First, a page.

metatarsals sits below that of calcaneus, the forefoot describe as
planter flexed in relation with rear foot and referred as forefoot
EQUINUS deformity.
• In the transverse plane, the typical relationship b/n forefoot and
rearfoot requires the forefoot to be have same longitudinal direction
as the rear foot.
• Deviation of fore foot in the transverse plane towards the mid line
are referred to ADDUCTION and away from mid line as ABDUCTION.
COMPENSATION
• COMPENSATION is a change in the structural alignment or position of
foot to neutralize the effect of an abnormal force, resulting in a
deviation in structural alignment or position of another part.
• FORE FOOT VARUS: To compensate this deformity during gait, this
foot shows abnormal amount of pronation during mid stance ,
because when the medial calcaneus condyle has reached the ground
in mid stance, the fore foot rather than being in contact with floor,
shows orientation where the medial border of foot is elevated from
the ground. To assist with the medial border reaching the ground, the
STJN continues to pronate…..and this pronation leads to
Eversion of calcaneus
Abduction of fore foot
Lowering of medial longitudinal arch
• FOREFOOT VALGUS: A typical compensation for this deformity may be
abnormal SUPINATION. With this foot deformity the lateral border of
foot is elevated from ground. To get the lateral border to ground, the
STJN supinates.
• This supination leads to Inversion of the calcaneus
Adduction of the fore foot
An increase in the height of the medial
longitudinal arch.
A) Fore foot is described in valgus position in non weight bearing
B) A typical compensation of fore foot valgus deformity is abnormal
supination
LEG LENGTH
• Good assessment of limb length inequality can by complicated by
scoliosis, hip subluxation, pelvic obliquity, unilateral contracture of
hip adductors or abductors, or knee flexion contracture.
• In the absence of an asymmetric hip or knee contracture, limb length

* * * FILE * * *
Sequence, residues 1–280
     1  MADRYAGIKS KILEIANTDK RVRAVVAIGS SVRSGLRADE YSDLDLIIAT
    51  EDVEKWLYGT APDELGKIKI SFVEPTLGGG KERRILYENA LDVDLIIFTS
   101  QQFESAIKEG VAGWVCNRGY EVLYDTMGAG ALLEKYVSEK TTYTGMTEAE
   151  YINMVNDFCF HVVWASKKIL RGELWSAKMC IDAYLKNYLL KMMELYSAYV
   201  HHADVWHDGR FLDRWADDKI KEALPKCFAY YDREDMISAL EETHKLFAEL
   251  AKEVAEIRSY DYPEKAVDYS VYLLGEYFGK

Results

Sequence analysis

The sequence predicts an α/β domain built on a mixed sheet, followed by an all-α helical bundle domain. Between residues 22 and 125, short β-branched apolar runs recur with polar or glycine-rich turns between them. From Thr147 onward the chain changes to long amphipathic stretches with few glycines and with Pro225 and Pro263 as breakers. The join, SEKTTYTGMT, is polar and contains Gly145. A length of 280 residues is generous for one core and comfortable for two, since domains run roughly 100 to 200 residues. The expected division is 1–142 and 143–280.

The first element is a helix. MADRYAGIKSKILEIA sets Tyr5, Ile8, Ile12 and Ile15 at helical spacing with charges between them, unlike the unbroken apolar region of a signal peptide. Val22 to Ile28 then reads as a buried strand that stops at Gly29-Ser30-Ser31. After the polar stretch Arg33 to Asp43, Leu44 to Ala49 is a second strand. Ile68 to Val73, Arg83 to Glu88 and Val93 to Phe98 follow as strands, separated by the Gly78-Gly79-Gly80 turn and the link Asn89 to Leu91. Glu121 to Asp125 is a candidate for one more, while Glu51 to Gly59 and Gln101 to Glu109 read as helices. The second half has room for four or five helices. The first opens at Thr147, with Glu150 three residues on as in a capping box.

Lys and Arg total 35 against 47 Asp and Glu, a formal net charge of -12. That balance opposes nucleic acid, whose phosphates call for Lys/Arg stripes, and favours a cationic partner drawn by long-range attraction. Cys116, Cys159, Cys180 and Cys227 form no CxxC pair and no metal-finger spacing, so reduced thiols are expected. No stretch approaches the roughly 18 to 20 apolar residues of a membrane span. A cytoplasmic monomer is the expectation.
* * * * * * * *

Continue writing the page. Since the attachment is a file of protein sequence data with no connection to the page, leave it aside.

can be measured clinically in supine using inferior border of ASIS and
distal aspect of the medial malleolus.
• Radiographic assessment is necessary if too many compounding
factors are present.
POSTURE AND BALANCE
• Assessment of posterior, anterior, medial and lateral equilibrium
responses should not be neglected when planning treatment.
• Many children with CP have delayed or deficient post equilibrium
responses.
• Assessment of posture including trunk, pelvis and lower extremity
posture in static standing and during walking often gives insight to
areas of weakness and poor motor control.
GAIT ANALYSIS
• Gait analysis consist of observing the patient with or without use of
formal gait analysis equipment. Now a days computerized gait
analysis is very much in use.
• It is still an essential component for diagnosis. Clinical observation is
done by repeatedly watching the child walk from sides, back and
front. Attention should be paid at pelvis, hip, knee, ankle and foot.
• Beginning with the feet , here several thing to be noted:
1) Is the foot neutral or is it in varus or valgus position?
2) Is the ankle in neutral position or in equinus?
3) what portion of foot contacts the floor first?
4) Is the arch maintain?
5) At which point in the cycle does any deviation in the foot
occur?
• At the knee following should be noted:
1) what is the position of knee at initial contact?
2) does knee hyper extended or extension controlled?
3) does the knee comes in full extension at any point of stance?
4) what is the maximum knee flexion in swing?
5) is there varus or valgus motion during loading?
• Following thing consider in general:
1) is the pelvic position normal or it is ant. Or post.?
2) is pelvic mal rotation or obliquity present?
3) are the abnormal motions present?
4) how are the arm moving during gait? Are they moving
symmetrically and reciprocally or are they postured?
5) does the child elevates his arms to assist with balance?
Examination of the child with        cerebral palsy
Examination of the child with        cerebral palsy
Examination of the child with        cerebral palsy
Examination of the child with        cerebral palsy
Examination of the child with        cerebral palsy
Examination of the child with        cerebral palsy
Examination of the child with        cerebral palsy